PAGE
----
floatsHope floats.

Optimism about possible pro-growth economic policies, including tax reform and deregulation, helped U.S. stock indices finish higher last week, reported Barron’s. It wasn’t all smooth sailing, though. Stocks bobbed up and down as investors’ optimism was weighted by concerns about a possible debt-ceiling battle and government shutdown.

CNN offered some insight to the historic economic impact of government shutdowns on productivity:

“The last time the government was forced to close up shop – for 16 days in late 2013 – it cost taxpayers $2 billion in lost productivity, according to the Office of Management and Budget. Two earlier ones – in late 1995 and early 1996 – cost the country $1.4 billion.”

For investors, it’s important to distinguish between a shutdown’s potential effect on the U.S. economy and its possible impact on U.S. stock markets. A source cited by The New York Times reported:

“…during all 18 government shutdowns, starting in 1976…the Standard & Poor’s 500-stock index averaged just a 0.6 percent loss over the course of those closures. Early on in shutdown history, investors reacted very negatively. Closures in 1976 and 1977 coincided with 3 percent declines in the [S&P 500].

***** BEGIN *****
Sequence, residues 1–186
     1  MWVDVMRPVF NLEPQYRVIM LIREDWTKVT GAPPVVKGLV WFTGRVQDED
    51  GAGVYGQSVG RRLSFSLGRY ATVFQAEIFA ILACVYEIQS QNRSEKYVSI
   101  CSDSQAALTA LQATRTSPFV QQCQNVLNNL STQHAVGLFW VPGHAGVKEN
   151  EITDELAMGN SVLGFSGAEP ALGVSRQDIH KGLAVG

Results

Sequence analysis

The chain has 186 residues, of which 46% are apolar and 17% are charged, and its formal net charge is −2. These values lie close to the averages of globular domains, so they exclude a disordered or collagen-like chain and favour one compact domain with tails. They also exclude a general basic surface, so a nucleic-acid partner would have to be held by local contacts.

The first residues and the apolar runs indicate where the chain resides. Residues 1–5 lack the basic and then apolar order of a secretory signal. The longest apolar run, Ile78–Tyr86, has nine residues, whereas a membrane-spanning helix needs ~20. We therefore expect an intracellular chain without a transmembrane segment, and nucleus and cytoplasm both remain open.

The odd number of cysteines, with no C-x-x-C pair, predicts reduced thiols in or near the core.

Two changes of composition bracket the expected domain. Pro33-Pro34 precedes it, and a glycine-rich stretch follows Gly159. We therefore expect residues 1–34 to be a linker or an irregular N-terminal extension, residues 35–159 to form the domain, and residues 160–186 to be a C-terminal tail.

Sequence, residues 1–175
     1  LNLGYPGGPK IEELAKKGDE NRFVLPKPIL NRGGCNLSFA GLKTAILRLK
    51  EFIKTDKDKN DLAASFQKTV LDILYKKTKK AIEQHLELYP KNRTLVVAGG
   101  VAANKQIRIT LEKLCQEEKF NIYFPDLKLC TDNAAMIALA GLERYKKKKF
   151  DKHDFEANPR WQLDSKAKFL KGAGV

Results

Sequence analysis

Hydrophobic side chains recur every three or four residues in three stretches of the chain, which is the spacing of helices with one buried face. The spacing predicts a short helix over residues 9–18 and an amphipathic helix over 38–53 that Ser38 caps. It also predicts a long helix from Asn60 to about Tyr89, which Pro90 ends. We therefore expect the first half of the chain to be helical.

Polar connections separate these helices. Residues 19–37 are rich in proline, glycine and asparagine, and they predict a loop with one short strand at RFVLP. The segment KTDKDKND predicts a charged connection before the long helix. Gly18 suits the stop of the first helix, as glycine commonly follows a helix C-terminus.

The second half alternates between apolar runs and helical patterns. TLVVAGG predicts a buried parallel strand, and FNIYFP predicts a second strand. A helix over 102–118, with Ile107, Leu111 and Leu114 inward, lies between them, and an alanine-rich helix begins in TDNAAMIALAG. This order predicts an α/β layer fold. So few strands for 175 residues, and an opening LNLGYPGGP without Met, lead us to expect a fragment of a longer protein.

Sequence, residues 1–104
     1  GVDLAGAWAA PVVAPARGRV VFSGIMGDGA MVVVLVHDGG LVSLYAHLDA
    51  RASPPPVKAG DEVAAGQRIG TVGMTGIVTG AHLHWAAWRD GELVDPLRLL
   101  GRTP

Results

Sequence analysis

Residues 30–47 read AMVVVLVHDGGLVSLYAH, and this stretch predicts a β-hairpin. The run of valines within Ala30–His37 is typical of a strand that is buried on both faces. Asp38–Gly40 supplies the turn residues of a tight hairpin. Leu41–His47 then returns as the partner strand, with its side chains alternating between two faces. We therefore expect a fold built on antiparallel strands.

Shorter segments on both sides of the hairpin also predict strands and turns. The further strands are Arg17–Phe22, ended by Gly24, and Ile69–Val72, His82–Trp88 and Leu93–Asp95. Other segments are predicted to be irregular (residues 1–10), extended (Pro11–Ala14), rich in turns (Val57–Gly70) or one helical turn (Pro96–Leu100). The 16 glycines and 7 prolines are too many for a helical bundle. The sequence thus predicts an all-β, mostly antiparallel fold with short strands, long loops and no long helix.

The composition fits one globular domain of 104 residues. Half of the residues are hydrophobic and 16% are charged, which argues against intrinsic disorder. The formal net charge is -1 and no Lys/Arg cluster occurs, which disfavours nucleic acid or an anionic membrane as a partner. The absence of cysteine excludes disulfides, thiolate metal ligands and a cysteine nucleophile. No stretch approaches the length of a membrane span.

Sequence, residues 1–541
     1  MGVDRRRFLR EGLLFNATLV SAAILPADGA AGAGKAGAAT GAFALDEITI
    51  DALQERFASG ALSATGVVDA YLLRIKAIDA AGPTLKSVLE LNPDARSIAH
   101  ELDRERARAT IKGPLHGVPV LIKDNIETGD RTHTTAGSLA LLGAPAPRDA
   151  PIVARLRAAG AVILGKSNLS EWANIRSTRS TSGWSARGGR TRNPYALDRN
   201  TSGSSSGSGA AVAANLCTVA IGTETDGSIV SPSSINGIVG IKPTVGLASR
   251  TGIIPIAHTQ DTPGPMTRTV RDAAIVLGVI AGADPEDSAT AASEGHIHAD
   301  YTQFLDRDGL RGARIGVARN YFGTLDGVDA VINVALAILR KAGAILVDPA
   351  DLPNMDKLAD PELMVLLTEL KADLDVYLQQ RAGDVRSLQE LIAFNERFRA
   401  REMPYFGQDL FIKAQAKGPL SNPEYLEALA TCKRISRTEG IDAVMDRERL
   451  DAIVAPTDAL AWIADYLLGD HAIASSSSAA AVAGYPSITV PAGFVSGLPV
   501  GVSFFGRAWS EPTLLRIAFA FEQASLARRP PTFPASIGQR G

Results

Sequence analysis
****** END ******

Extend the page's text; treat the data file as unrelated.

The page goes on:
As investors grew more accustomed to shutdowns, they seemed to become more blasé about them. During the mid-1990s and the 2013 closure, for instance, stocks actually rose. They gained 3.1 percent during the 2013 stoppage.”

Bond investors were relatively calm last week, according to Financial Times. Although, there were signs of “debt ceiling jitters.” Yields on U.S. Treasuries that mature in October (when a shutdown may occur) rose on concerns investors might not be repaid in a timely way.

No matter what happens in September and October, keep your eyes on the horizon and your long-term goals.

* These are the general views of Jonathan DeYoe and they should not be construed as investment advice for any individual.